Whenever you began speaking, he would tilt his head and look at you curiously before responding with a set of ‘is that right’s and ‘you don’t say’s.  He didn’t say much, but you could tell he was processing everything.  With so much office space all around LA, he offered free space to young brokers as a way of being plugged into deal flow.  Essentially, to listen.  He was always listening.  Sometimes his ‘you don’t say’s were sarcastic, as if he couldn’t keep listening to our stupidity anymore, but he was always listening.

We had another client who was a movie mogul.  Over a few decades, he had opened a regional chain of movie theaters and plowed the proceeds into real estate.  And about a mile down from our office, he owned 25 condos in the heart of Redondo Beach.  We brought him multiple offers on the property.  $18 million.  $20.  $22.  But he wouldn’t budge for less than his number, which was a million dollars per unit.

And although we had clients who probably would have bit at $22, he didn’t.  Something about his patience struck me, sitting in his office modeled after a miniature theater, cracking a grin at each new offer we brought him, and sitting back, a picture of consummate contentment, and telling us, if we could please try to get a higher number.

Years later, he was proved right.  Actually, the value of his condos probably exceeded a million dollars a unit.

The thing that both these clients had in common were that both owned and controlled more than $100 million in properties, each, both were well into retirement age, and both arrived at their offices at the crack of dawn.

This is just a sample.  There are people like this all over the country, all over the world.  It was just another lesson about wealth.  In so many ways, wealth is not the goal.

I wanted to be like them.  It would be nice to have the level of wealth they did, but I’m talking about their working for the purpose of their work itself.  And having a purpose that made them work harder than people half their age.

No doubt, it’s what made them great.

Then we had another client.  She had emerged as a buyer for another client’s property in Hermosa.

She made us work.

Among other things we had to do to close the deal, we had to chase down people to get them to sign estoppels.  The existing owner didn’t want to do it, because he preferred to be liked more than he preferred to sell the building.

This meant we had to camp out in front of all 12 units and try to get the tenants to sign a document verifying that they were paying, exactly what the rent rolls said they were paying.

Naturally, a lot of them were suspicious.  Was the new owner going to kick them out?  Was she going to convert the apartment into condos?  They were nervous.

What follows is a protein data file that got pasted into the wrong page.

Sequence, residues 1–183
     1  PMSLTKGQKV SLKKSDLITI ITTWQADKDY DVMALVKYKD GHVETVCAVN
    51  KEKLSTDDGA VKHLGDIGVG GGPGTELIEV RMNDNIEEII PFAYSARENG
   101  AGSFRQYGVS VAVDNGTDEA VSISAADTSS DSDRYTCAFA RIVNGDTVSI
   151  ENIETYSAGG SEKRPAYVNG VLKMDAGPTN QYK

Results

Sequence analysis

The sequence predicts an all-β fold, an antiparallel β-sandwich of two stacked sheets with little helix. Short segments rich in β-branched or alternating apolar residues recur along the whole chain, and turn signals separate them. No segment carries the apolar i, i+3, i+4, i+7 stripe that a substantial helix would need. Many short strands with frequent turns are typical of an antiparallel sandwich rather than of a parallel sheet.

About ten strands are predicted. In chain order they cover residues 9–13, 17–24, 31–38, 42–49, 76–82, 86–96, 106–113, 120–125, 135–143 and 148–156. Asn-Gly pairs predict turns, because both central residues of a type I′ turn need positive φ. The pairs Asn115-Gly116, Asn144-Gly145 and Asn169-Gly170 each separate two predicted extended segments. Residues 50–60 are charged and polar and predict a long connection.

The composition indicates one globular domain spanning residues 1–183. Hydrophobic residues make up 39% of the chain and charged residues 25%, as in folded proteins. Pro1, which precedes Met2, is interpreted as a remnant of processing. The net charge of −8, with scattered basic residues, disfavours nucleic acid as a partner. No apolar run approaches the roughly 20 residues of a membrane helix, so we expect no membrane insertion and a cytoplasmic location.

No, no, I answered confidently.  I reassured them there was nothing to worry about, that the new owner had no intention of redeveloping.

But there was something else I had forgotten about.

After dragging the deal across the finish line, I felt a sense of relief as we pulled up to the new owner’s $10 million house in Palos Verdes, with a tennis court in the back.  In the living room, she proudly showed us a rent roll of the $80 million portfolio she managed, from her living room.

And later, she even more triumphantly emailed us to say that she had doubled rents, because the previous owner had been undercharging.

It left me with a bad taste for these kinds of deals and people in general.  All part of the industry, but I couldn’t help but think that while knocking on doors to get those estoppels, I had led some of those people astray.  Some of them, kids younger than I was.

It turned out to be my last deal there.  That, combined with the diminishing fortunes of the property tax appeal business, a countercyclical business if there ever was one, led me to other things.

One last reflection about wealth.  I spent half this time period in Hong Kong.

And in Hong Kong, a summer rite is the boat trip.  On the weekends the waters around Hong Kong and its myriad islands teem with junks and yachts that anchor off a secluded beach, then descend into drunken orgy-level partying.

One of our friends was dating a guy who was as close as you could get to Hong Kong royalty.  He was the scion of a billionaire tycoon, which made him one himself, but you wouldn’t know it to meet him.  Well-educated, low-key, soft-spoken, there is no way you could pick him out in a lineup, as is often the case with billionaires.